National Fisherman

NEW BERN — Tim Hergenrader's petition that could push shrimp trawls out of coastal waters has no support from either the N.C. Division of Marine Fisheries or the Marine Fisheries Commission's advisory committees.

Fishermen showed their opposition on Tuesday as well, with nearly two dozen fish captains anchoring their commercial vessels in the Neuse River in protest and more than 600 people attending a public hearing on the petition at the New Bern Riverfront Convention Center.

After that hearing, the MFC advisory committees for Habitat and Water Quality, Finfish, Sea Turtles and Shellfish/Crustaceans all passed motions recommending the MFC deny Mr. Hergenrader's petition. Each committee voted separately to recommend rejecting the petition, with one dissenting vote from the shellfish committee and one abstention from the sea turtle committee.

The petition will now go to the MFC, along with the advisory committee recommendations to deny it, at the commission's Aug. 28-30 meeting in Raleigh.

Dr. Louis Daniel, director of the N.C. Division of Marine Fisheries – the state agency that enforces regulations created by the MFC — said not only did the petition lack the data to back it up, but taking the action it requests would leave out important scientific studies from the rulemaking process.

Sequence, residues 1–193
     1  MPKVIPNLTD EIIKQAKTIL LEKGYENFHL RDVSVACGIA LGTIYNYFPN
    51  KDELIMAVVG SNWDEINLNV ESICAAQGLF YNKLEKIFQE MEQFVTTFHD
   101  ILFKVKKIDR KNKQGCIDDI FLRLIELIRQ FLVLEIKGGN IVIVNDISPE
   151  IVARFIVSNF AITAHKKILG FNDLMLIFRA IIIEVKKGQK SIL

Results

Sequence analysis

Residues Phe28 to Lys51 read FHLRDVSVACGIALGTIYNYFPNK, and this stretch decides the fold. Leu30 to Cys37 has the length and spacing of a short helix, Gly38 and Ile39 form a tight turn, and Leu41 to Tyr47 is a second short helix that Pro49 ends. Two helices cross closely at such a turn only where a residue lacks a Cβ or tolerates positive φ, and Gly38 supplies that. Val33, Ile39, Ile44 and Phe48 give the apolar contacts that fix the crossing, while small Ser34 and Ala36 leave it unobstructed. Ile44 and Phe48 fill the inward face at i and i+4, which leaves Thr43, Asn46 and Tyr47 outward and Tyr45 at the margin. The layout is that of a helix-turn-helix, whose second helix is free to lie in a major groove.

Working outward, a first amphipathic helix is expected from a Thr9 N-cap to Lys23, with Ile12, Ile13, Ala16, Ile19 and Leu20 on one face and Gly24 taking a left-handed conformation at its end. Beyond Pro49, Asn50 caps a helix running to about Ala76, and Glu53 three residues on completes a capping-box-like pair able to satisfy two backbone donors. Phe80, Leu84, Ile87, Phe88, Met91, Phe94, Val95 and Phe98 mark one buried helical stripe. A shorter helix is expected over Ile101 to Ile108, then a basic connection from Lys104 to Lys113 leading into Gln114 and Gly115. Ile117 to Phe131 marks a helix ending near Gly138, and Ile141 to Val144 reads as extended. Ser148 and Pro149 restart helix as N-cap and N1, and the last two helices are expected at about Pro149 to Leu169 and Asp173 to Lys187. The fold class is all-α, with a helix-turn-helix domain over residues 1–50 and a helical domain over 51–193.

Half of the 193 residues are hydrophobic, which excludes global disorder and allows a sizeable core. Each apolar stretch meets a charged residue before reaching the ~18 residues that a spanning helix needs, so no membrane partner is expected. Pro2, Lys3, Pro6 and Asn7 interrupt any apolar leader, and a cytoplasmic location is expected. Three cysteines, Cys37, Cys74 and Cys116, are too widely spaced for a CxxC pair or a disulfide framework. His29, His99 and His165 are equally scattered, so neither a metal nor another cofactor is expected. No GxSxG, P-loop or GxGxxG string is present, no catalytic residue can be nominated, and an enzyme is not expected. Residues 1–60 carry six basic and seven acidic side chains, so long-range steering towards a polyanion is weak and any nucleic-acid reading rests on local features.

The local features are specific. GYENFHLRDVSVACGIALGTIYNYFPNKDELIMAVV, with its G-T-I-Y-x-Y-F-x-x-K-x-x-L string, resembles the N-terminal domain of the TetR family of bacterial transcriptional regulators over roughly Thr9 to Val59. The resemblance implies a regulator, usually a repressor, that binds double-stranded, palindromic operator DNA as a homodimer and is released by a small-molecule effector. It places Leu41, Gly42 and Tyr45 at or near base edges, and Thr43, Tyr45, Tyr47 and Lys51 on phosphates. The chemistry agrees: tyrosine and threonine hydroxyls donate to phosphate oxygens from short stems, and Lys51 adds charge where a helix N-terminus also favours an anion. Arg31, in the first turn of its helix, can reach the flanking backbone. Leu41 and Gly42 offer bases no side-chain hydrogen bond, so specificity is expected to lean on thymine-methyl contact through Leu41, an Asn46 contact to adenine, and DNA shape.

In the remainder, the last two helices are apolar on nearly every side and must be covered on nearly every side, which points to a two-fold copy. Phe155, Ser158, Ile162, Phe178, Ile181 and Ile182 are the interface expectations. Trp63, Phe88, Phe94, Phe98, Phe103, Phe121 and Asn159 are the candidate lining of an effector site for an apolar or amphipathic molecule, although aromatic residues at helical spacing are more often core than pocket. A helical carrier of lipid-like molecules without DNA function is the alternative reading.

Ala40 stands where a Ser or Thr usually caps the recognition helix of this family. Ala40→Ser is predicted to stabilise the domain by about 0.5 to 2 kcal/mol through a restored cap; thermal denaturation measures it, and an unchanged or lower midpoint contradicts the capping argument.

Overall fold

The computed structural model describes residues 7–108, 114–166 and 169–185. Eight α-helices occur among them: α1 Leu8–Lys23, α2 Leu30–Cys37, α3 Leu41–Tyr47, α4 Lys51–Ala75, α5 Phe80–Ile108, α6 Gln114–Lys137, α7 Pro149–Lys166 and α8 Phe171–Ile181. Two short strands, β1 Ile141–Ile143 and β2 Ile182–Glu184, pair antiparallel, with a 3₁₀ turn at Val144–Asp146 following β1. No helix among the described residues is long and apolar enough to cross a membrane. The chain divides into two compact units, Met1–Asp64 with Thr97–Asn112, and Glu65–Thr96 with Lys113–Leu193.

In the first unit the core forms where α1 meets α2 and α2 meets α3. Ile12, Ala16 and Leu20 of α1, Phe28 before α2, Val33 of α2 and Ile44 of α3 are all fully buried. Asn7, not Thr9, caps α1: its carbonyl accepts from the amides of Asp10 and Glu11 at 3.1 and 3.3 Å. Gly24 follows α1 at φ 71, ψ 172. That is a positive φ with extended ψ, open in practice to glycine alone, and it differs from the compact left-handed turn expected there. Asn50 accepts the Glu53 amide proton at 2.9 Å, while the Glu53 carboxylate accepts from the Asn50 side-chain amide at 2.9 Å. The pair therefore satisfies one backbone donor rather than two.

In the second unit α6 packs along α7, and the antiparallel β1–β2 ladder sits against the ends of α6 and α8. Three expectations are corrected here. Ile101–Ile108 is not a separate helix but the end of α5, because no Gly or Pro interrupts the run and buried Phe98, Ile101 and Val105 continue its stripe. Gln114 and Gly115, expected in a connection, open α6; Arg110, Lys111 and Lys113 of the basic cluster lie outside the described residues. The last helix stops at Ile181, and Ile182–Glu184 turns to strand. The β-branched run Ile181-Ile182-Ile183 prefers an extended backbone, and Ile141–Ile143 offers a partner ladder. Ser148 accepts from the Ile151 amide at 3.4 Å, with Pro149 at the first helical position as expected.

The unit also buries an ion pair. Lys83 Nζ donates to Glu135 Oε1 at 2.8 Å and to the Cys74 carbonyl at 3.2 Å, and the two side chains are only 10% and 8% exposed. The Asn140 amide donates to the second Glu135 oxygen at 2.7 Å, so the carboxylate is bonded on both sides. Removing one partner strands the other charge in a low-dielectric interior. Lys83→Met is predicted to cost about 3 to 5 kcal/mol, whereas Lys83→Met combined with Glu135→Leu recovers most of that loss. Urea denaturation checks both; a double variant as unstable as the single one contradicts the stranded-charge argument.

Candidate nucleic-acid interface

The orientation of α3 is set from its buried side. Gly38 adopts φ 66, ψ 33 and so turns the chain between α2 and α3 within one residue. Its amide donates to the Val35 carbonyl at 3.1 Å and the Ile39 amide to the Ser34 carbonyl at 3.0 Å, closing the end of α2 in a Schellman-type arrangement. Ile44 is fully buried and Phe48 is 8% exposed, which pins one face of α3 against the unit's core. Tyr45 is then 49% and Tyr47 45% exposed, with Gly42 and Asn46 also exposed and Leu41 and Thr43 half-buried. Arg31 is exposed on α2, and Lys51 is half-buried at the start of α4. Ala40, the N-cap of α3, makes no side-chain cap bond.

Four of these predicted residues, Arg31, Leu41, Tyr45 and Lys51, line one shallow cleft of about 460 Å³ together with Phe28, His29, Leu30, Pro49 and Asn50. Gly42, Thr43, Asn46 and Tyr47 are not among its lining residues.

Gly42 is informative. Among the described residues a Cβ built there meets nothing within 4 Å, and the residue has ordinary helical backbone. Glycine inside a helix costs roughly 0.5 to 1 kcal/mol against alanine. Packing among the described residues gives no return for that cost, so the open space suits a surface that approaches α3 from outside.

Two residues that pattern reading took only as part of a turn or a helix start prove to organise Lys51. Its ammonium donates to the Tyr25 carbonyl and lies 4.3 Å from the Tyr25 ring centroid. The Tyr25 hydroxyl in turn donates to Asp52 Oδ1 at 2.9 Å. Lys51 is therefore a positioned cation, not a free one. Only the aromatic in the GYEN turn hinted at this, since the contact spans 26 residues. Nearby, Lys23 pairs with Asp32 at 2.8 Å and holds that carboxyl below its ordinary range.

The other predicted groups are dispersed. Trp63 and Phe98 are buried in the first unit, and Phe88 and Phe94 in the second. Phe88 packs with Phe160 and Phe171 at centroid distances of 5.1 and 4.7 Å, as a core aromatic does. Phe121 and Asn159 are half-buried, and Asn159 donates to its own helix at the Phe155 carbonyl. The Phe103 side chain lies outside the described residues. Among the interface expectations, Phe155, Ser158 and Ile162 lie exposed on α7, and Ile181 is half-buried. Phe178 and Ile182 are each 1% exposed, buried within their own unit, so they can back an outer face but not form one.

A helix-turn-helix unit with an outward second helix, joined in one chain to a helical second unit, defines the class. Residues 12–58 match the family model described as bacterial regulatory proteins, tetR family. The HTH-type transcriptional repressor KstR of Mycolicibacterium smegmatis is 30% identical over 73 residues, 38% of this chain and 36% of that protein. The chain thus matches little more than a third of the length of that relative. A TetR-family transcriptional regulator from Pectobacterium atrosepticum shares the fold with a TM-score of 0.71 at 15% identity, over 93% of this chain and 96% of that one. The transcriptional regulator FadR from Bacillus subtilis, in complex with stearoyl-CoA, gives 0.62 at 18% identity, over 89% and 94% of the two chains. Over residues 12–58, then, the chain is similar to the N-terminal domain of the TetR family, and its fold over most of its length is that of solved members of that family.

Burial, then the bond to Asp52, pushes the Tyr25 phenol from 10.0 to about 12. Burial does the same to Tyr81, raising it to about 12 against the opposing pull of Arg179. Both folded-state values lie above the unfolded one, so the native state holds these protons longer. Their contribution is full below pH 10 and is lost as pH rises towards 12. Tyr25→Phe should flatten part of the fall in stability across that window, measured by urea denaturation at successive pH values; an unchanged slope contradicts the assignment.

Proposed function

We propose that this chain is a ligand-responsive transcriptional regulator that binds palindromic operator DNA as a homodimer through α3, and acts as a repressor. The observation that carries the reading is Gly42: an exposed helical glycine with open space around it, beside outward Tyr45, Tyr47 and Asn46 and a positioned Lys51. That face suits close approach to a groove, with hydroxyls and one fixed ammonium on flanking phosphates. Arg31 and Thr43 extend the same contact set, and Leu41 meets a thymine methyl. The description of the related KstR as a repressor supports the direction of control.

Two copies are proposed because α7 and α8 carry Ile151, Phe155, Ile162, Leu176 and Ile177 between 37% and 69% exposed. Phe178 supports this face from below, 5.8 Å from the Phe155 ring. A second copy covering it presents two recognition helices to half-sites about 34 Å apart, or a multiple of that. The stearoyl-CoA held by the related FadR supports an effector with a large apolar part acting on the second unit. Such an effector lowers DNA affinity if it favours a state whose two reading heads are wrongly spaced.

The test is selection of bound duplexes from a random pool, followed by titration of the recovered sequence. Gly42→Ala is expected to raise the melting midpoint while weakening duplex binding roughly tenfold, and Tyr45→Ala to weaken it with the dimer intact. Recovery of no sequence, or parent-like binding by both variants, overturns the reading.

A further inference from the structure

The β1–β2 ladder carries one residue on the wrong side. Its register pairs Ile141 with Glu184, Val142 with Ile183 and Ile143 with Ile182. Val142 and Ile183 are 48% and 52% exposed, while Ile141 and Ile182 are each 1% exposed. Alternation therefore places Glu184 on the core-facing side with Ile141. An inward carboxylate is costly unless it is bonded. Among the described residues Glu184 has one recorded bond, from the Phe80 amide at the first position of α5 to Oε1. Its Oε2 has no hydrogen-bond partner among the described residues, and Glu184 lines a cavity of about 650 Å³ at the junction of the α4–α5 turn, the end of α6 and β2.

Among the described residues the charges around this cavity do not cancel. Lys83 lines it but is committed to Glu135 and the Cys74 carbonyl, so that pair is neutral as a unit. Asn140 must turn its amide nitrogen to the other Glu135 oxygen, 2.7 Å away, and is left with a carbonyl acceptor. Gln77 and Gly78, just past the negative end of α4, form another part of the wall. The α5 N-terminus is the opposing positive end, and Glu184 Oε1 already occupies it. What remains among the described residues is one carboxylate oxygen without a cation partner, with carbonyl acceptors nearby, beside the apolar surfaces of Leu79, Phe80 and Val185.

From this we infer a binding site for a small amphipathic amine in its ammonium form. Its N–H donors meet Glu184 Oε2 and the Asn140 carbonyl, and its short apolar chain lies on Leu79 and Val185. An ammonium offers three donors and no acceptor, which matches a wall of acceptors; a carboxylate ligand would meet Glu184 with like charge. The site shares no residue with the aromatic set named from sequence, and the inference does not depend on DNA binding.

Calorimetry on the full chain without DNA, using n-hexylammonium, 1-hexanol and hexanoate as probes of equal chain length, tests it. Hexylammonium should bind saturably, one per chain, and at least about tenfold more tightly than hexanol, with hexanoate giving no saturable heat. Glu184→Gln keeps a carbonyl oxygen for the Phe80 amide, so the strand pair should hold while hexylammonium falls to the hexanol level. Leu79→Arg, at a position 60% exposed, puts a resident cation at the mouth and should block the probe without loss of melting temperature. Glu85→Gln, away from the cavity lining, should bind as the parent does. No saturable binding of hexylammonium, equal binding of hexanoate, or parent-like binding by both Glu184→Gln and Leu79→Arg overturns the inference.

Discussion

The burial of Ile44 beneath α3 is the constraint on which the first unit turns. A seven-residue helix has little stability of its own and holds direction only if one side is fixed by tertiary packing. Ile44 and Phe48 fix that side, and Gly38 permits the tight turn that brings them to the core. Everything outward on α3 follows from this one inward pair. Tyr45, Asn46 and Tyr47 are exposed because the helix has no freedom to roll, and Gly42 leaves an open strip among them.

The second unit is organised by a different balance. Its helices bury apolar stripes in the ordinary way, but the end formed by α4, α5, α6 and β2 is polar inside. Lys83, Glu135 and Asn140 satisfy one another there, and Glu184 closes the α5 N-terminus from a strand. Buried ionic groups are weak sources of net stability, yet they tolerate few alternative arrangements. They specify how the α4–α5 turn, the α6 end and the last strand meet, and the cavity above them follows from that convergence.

Mr. Hergenrader, a New Bern resident who had supported the gamefish bill – a measure proposed in the state General Assembly that didn't advance to reserve three species of fish in North Carolina's waters solely for recreational anglers — filed a petition June 20. This petition proposed reclassifying most internal coastal waters as secondary nursery areas because juveniles of three finfish species – weakfish, croaker and spot – were found there being caught as bycatch in trawls.

Read the full story at the Beaufort Observer>>

National Fisherman Live

National Fisherman Live: 11/06/14

In this episode:

NOAA report touts 2013 landings, value increases
Panama fines GM salmon company Aquabounty
Gulf council passes Reef Fish Amendment 40
Maine elver quota cut by 2,000 pounds
Offshore mussel farm would be East Coast’s first

 

Inside the Industry

EAST SAND ISLAND, Oregon—Alexa Piggott is crawling through a dark, dusty, narrow tunnel on this 62-acre island at the mouth of the Columbia River. On the ground above her head sit thousands of seabirds. Piggott, a crew leader with Bird Research Northwest, is headed for an observation blind from which she'll be able to count them.
 
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NOAA and its fellow Natural Resource Damage Assessment trustees in the Deepwater Horizon oil spill have announced the signing of a formal Record of Decision to implement a gulf restoration plan. The 44 projects, totaling an estimated $627 million, will restore barrier islands, shorelines, dunes, underwater grasses and oyster beds.

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